It was another day of firsts for us – we were going to climb the Exit Glacier! Barry had booked the trip before we left the UK and I knew very little about it. He read me out a brief description the night before we were due to go so we knew what we had to take with us. We were going to do a 1-1.5 hour hike through some woodland to the edge of the glacier and then we would put on some crampons (spikes that attach to your shoes so that you can grip the ice) and go walking over the ice. It all sounded easy enough. I’d made sure with Barry that there would be no crawling through tunnels or climbing up and down ice walls using ropes and pick axes – there was no way I could do that – and he assured me that we wouldn’t be doing any of that.


With my mind at ease, we set out early the next day to be at the office of the Exit Glacier Guides for 8am. Luckily our hotel was only down the road so it was less than a 10-minute walk. Once we arrived we had to fill out the usual liability forms, then we were sorted out with all the equipment we needed. Everything was going fine. We were given boots, the crampons and a backpack. But then we were given a helmet, a harness and a safety clip. I shot Barry a look of ‘What the hell are these for?’ He started to chuckle. I had a sudden feeling that I had been duped. Then we were introduced to a girl that was coming along on the trek with us – Caitlyn, she was from Arkansas. She started to tell us about her friends that had done the trek a couple of days previous and how they had told her that at one point that were just hanging from the ice by an ice-pick! The fear in me started to build as I realised that Barry had definitely lied and we were going to be climbing walls and disappearing down crevasses. There was nothing I could do about it now though, we were all kitted out and ready to go.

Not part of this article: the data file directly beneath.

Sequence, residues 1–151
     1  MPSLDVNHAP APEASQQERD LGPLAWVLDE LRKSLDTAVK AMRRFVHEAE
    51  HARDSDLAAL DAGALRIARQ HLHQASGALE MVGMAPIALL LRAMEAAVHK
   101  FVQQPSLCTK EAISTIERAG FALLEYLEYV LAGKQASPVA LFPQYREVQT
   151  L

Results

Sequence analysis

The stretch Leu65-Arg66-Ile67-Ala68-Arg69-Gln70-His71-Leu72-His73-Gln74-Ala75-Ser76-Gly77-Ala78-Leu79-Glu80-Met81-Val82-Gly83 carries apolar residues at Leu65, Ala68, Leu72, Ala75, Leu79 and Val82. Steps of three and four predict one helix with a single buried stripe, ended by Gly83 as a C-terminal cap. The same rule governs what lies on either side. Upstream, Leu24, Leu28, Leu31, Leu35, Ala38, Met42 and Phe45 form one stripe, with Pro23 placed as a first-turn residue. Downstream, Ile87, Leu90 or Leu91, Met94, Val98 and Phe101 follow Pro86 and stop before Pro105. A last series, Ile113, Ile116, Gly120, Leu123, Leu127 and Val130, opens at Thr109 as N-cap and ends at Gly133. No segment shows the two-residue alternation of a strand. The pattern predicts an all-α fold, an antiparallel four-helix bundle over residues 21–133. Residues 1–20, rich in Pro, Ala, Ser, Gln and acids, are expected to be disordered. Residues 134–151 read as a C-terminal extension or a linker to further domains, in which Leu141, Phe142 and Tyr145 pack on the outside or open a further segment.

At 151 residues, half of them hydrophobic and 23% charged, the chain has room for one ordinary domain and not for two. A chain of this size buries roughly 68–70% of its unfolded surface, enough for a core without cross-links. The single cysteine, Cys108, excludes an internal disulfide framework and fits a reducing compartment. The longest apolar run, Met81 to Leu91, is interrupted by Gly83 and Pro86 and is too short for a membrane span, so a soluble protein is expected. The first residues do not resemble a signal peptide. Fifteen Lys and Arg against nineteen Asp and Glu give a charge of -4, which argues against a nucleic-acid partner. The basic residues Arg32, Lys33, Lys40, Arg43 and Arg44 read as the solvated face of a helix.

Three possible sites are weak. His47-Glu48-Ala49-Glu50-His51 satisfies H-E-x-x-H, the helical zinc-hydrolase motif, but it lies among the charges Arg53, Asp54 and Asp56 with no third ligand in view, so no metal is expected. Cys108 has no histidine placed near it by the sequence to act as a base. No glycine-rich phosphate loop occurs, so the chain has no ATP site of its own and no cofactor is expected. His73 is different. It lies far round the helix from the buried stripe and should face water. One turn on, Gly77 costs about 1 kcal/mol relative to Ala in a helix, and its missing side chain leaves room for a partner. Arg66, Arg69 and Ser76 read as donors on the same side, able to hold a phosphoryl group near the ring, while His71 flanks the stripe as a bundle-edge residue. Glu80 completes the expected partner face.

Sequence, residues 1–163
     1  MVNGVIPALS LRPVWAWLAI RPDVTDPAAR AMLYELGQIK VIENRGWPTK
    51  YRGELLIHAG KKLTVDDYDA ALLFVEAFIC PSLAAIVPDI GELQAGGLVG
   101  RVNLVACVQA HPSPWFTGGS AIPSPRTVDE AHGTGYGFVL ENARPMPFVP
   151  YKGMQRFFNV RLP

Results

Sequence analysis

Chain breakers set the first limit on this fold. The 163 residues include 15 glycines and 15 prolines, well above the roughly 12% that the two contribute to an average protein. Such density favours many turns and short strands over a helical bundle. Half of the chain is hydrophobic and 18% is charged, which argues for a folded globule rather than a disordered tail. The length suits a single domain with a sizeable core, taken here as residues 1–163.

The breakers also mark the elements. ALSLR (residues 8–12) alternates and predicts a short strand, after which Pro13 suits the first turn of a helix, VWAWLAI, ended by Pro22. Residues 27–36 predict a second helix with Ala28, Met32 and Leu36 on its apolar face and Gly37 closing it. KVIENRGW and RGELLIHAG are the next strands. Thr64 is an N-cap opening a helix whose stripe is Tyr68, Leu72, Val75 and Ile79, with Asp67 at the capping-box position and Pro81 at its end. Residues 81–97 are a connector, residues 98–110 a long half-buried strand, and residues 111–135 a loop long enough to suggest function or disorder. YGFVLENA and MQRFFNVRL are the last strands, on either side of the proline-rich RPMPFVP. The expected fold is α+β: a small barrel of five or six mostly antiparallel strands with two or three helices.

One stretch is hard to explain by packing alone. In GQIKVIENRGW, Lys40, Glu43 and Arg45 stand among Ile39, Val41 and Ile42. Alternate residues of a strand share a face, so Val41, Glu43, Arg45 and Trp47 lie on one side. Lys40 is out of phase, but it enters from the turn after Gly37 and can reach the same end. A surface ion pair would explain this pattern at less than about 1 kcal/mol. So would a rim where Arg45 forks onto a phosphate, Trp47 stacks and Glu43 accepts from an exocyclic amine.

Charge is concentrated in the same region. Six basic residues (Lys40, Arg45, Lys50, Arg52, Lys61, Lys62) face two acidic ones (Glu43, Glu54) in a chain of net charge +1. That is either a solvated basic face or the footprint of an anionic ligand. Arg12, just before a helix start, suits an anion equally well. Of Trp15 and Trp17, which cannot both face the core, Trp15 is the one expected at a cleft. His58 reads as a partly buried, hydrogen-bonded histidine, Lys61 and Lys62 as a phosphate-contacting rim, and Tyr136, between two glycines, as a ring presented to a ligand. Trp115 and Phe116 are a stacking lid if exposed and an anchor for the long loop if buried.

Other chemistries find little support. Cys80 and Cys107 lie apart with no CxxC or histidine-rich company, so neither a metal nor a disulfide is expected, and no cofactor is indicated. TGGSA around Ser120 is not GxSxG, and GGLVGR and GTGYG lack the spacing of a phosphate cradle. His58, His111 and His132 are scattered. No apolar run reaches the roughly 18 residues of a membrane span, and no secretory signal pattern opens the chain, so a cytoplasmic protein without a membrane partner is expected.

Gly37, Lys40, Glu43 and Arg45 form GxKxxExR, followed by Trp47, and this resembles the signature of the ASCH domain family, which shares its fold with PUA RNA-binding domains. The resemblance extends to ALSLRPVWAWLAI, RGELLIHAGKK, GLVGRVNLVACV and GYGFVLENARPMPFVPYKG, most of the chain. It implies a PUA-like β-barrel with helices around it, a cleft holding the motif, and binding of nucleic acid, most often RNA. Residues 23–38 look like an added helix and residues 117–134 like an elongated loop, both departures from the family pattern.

We all jumped into a bus and our guide Steve drove us the 20 minutes to the visitor centre where we would be starting our hike. We were given some trekking poles to use, which would help Barry with his old knees – he always moans that they give him jip! And then the hike began.


It started off much the same as any other hike we had done, except we did have a heavy backpack to carry. We had our helmet, harness, boots and all our layers in. At this point we were only wearing t-shirts as it was a steep climb and the sun was hot (not what we expected for Alaska – it was warmer than New Zealand!) We were also carrying 2 litres of water in a hydration pack that was connected to a tube so you could just take a drink whenever you needed to without faffing around with a bottle. After walking for about 20 minutes we stopped to take a quick rest. We had a great view of the valley we’d just driven through and of the snow-capped mountains that surrounded us.

After a few minutes of rest we continued our hike. Steve was telling us about all the animals that lived around the glacier – bears, moose, marmots and wolverines (not the Hugh Jackman, X-men kind!) Barry and I really wanted to see a bear whilst in Alaska, but so far we had failed.


After about an hour of very steep climbing, we could finally see Exit Glacier. We had climbed to a height of around 1400 feet. Next we had to scramble down an overgrown gravel path to reach the edge of the glacier. Once we were nearing the edge, we were hit with a sudden gust of cold air. It was time to put on our layers. On went the gloves, fleece and jacket. We had to change from our trainers into our boots and put on the crampons. Then went on the helmet and the harness. Our bags were now much lighter so they were a lot easier to carry. We were given a safety talk and shown how to walk on the ice using the crampons. And then the ice climbing commenced.

The boots and the crampons were pretty heavy so it took a lot of effort to lift your foot up and take a step. You then had to make sure that you stomped your foot down so the spikes would sink into the ice. It was exhausting but at least we weren’t slipping and sliding all over the place.

We hadn’t been walking for long when we stopped in an ice chasm. There was a little stream running through it where the ice was slowing melting. We were told to wait there whilst Steve climbed up the ice wall. We weren’t really sure what he was doing once he got to the top, but after a few minutes he abseiled down the wall again on a rope. Then he told us that it was time for some ice training. What??? Caitlyn had done rock climbing before so Steve volunteered her to go first. She made it look reasonably easy so I wasn’t too nervous at this point. Next up was Barry and again he made it look easy enough. So now it was my turn.

Hiking the Exit Glacier, Kenai Fjords National Park, Seward, Alaska